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ios

Motivation

Diving straight into reverse-engineering iOS apps can be daunting and time-consuming. While wading into the binary can pay off greatly in the long run, it's also useful to start off with the easy wins, especially when you have limited time and resources. One such easy win is hunting login credentials and API keys in iOS applications.

Most iOS applications use third-party APIs and SDKs such as Twitter, Amazon Web Services, and so on. Interacting with these APIs require API keys which are used (and thus stored) in the app itself. A careless developer could easily leak keys with too many privileges or keys that were never meant to be stored on the client-side in the first place.

What makes finding them an easy win? As described by top iOS developer Mattt Thompson:

There’s no way to secure secrets stored on the client. Once someone can run your software on their own device, it’s game over.

And maintaining a secure, closed communications channel between client and server incurs an immense amount of operational complexity — assuming it’s possible in the first place.

He also tells us that:

Another paper published in 2018 found SDK credential misuse in 68 out of a sample of 100 popular iOS apps. (Wen, Li, Zhang, & Gu, 2018)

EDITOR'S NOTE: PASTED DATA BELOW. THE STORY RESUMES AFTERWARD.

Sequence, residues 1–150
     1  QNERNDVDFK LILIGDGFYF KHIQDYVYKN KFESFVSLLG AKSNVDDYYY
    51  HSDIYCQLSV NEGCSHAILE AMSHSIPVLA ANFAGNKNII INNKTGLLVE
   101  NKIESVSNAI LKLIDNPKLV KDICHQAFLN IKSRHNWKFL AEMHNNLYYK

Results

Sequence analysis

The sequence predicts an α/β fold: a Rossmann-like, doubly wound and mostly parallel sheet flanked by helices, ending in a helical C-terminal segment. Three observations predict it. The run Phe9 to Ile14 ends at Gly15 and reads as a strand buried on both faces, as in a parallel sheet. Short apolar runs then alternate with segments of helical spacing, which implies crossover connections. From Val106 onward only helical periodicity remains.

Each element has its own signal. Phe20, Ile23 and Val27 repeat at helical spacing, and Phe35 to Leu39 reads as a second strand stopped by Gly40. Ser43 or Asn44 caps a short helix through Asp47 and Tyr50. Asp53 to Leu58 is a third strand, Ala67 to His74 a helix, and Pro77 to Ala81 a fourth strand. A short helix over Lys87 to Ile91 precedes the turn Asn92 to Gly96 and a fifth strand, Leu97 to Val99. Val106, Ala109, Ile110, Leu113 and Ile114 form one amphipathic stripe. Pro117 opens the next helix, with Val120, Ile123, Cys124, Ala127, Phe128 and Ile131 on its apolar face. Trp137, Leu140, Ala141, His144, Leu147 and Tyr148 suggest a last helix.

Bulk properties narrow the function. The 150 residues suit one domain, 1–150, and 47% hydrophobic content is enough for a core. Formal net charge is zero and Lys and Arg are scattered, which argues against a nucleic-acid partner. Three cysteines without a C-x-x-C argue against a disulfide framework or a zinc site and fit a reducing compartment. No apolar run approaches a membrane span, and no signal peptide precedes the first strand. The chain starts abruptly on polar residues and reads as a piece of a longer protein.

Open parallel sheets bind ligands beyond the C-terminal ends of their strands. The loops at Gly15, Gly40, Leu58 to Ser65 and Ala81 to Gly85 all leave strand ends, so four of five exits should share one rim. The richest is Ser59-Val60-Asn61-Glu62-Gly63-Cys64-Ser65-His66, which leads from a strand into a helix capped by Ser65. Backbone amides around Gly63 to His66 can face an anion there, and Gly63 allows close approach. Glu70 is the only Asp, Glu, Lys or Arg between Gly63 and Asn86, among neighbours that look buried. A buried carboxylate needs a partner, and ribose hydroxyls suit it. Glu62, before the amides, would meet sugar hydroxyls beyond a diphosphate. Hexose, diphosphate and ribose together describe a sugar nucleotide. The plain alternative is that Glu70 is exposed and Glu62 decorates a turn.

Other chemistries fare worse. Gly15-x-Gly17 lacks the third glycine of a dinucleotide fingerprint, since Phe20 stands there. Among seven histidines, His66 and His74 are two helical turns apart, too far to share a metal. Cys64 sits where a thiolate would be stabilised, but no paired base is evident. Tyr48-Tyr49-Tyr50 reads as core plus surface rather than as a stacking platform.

Until APIs and developers come round to the fact that client secrets are insecure by design, there will always be these low-hanging vulnerabilities in iOS apps.

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Updated April 19, 2020: – Install OpenSSH through Cydia (ramsexy) – Checkra1n now supports Linux (inhibitor181) – Use a USB Type-A cable instead of Type-C (c0rv4x)

Updated April 26, 2020: – Linux-specific instructions (inhibitor181)

Updated August 14, 2020: – Burp TLS v1.3 configuration

Motivation

I wanted to get into mobile app pentesting. While it's relatively easy to get started on Android, it's harder to do so with iOS. For example, while Android has Android Virtual Device and a host of other third-party emulators, iOS only has a Xcode's iOS Simulator, which mimics the software environment of an iPhone and not the hardware. As such, iOS app pentesting requires an actual OS device.

Moreover, it's a major hassle to do even basic things like bypassing SSL certificate pinning. Portswigger's Burp Suite Mobile Assistant needs to be installed onto a jailbroken device and only works on iOS 9 and below.

For the longest time, iOS pentesting guides recommended buying an old iPhone with deprecated iOS versions off eBay. More recent efforts like Yogendra Jaiswal's excellent guide are based on the Unc0ver jailbreak, which works on iOS 11.0-12.4. If you don't have an iDevice in that range, you're out of luck.

Fortunately, with the release off the checkra1n jailbreak, A5-A11 iPhone, iPad and iPods on the latest iOS can now be jailbroken. Many iOS app pentesting tools, having lain dormant during the long winter of jailbreaking, are now catching up and new tools are also being released.

As such, I'm writing quickstart guide for iOS app pentesting on modern devices with the checkra1n jailbreak and consolidating different tools' setup guides in one place. I will follow up with a post on bugs I've found on iOS apps using the tools installed here.

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